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Re: Emacs Lisp and Guile

From: Ken Raeburn
Subject: Re: Emacs Lisp and Guile
Date: Thu, 25 Jul 2002 00:22:58 -0400
User-agent: Gnus/5.090006 (Oort Gnus v0.06) Emacs/21.3.50 (i686-pc-linux-gnu)

Neil Jerram <address@hidden> writes:
> - as a guide to the Guile Emacs project on how to interface to the
>   Elisp support in libguile (notably, usage of address@hidden' and 
> address@hidden')

So, why were @fop and @bind needed in libguile anyways?  I was never
clear on that.  Is it for performance, or is Scheme not up to the

> - as a working translator that could help us develop our picture of
>   how we want to integrate translator usage in general with the rest
>   of Guile.

I wonder if it's the best choice.  I don't think encouraging people to
support translation by starting with writing more C code for libguile
is wise; we'll wind up with a libguile with random primitives for
supporting translated elisp and perl and tcl and python
and....  Personally, I'd rather see that support in Scheme modules.

That issue aside, yes, I think we definitely need work in this area.
Probably another language or two as well.  Real, useful languages;
inventing another programming language so that we have another
translator doesn't do us much good if no one uses that language.

Well, that's the way it used to be.  I've been focussed enough on
Emacs in what free time I've had lately that I haven't even been
following the Guile lists, just filing them away for later.  If there
are other real translators available now, then "yay!" :-)

Neil Jerram <address@hidden> writes:
>>>>>> "Richard" == Richard Stallman <address@hidden> writes:
>          I think that both these restrictions point in the same direction: the
>          way forward is to define the primitives by compiling a preprocessed
>          version of the Emacs source code, not by trying to implement them in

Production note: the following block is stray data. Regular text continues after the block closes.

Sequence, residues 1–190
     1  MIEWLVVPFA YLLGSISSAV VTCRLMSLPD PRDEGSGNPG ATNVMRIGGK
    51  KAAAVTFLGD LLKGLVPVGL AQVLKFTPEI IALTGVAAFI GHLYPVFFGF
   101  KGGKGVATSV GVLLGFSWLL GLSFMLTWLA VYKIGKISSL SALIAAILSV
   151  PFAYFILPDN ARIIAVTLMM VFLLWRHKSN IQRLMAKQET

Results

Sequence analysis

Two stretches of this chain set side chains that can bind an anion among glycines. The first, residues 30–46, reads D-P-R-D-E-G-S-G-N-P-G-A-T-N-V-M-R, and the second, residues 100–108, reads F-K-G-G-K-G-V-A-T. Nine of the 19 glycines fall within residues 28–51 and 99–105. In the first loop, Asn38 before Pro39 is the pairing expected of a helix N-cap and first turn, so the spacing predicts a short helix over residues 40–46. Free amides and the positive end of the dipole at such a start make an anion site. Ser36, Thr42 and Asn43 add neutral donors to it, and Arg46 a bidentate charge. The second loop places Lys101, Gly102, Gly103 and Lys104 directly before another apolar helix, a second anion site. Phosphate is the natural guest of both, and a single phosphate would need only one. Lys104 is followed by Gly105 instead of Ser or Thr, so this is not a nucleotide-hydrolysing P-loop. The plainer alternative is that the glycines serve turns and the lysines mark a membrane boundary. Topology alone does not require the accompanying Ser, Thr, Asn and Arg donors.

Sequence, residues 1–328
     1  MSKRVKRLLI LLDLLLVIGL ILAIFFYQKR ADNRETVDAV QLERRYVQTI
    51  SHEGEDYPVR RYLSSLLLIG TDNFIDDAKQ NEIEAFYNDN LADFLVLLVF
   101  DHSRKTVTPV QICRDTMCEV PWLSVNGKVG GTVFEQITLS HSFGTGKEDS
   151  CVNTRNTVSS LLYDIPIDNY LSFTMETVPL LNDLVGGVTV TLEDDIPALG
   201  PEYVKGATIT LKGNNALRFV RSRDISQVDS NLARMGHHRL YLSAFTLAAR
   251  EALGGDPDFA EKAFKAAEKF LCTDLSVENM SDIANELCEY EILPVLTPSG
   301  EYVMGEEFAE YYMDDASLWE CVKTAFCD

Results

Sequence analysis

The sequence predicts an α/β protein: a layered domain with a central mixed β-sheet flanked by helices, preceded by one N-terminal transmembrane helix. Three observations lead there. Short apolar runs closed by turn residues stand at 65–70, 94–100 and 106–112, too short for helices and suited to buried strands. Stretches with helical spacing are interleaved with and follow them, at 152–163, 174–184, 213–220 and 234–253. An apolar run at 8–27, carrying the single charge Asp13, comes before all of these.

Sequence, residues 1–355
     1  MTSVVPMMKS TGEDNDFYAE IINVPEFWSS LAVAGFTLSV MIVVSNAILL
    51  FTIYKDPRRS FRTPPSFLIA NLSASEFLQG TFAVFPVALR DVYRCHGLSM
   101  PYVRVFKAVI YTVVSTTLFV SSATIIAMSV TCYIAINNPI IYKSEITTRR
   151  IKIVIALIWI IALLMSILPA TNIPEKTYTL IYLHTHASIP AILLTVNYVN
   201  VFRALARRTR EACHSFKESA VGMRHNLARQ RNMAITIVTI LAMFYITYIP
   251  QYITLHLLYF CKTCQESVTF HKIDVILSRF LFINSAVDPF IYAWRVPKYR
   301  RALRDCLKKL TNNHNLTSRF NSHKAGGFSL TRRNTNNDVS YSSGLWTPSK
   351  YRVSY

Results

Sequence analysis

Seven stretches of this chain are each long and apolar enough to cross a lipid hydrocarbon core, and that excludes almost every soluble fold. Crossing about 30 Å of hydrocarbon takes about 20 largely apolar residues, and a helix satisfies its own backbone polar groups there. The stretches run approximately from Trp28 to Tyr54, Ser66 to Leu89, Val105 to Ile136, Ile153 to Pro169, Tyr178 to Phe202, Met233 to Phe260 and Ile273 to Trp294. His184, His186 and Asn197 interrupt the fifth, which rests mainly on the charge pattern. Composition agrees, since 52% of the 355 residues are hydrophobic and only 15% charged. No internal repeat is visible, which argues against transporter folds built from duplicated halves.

>          Scheme.
>     Richard> What precisely is "a preprocessed version"?  What I think
>     Richard> we should do is modify the code in Emacs so that it works
>     Richard> with Scheme.
> What you suggest would be ideal.  I only talked about a "preprocessed
> version" because I was assuming that it might not be feasible to start
> modifying the primary Emacs codebase immediately.  If this assumption
> is wrong, so much the better.  (Would you agree with this, Ken?)

I don't think I'd use the term "preprocessed", but I suppose you could
look at it that way.

I haven't looked at how easy or hard it'll be to make Emacs C DEFUNs
produce SCM primitive procedures.  If it's easy, great.  If it's hard,
and we don't want to break the existing Lisp representations right
away, we could look for a simple, regular substitution that could be
done on the C code, or write Scheme wrappers that invoke a "call this
Lisp function" Scheme primitive procedure.

One of my concerns in that area is with mixing Lisp dynamic bindings
and Guile thread support.  If we want multi-threaded Lisp, do we pass
around some sort of environment pointer, or call thread-aware routines
to fetch current environment info?  Neil, does your code try to
support multi-threaded Lisp?

> 1. The Guile reader doesn't directly handle all Elisp syntax -- e.g. [
> ] for vectors and ? for character/integers.  The translator retrofixes
> some of these discrepancies -- e.g. it turns (what it sees as) symbols
> for the obvious alphabet characters (?a, ?b etc.) into Guile integers
> -- but not all of them.

Keeping the Elisp reader may be simplest.  I vaguely recall concluding
that cases could be constructed where the Guile reader wouldn't
distinguish things in some cases where Elisp would, but I don't
remember the details.  I think it had to do with character or number
data, or maybe "?0" type constructs.

> 2. The representation of Elisp variables doesn't allow for buffer- and
> frame-local variables.

Still an open issue in my book too.

> 3. There's no byte code interpreter.

Translating to Scheme (or Guile byte codes) is another possibility.


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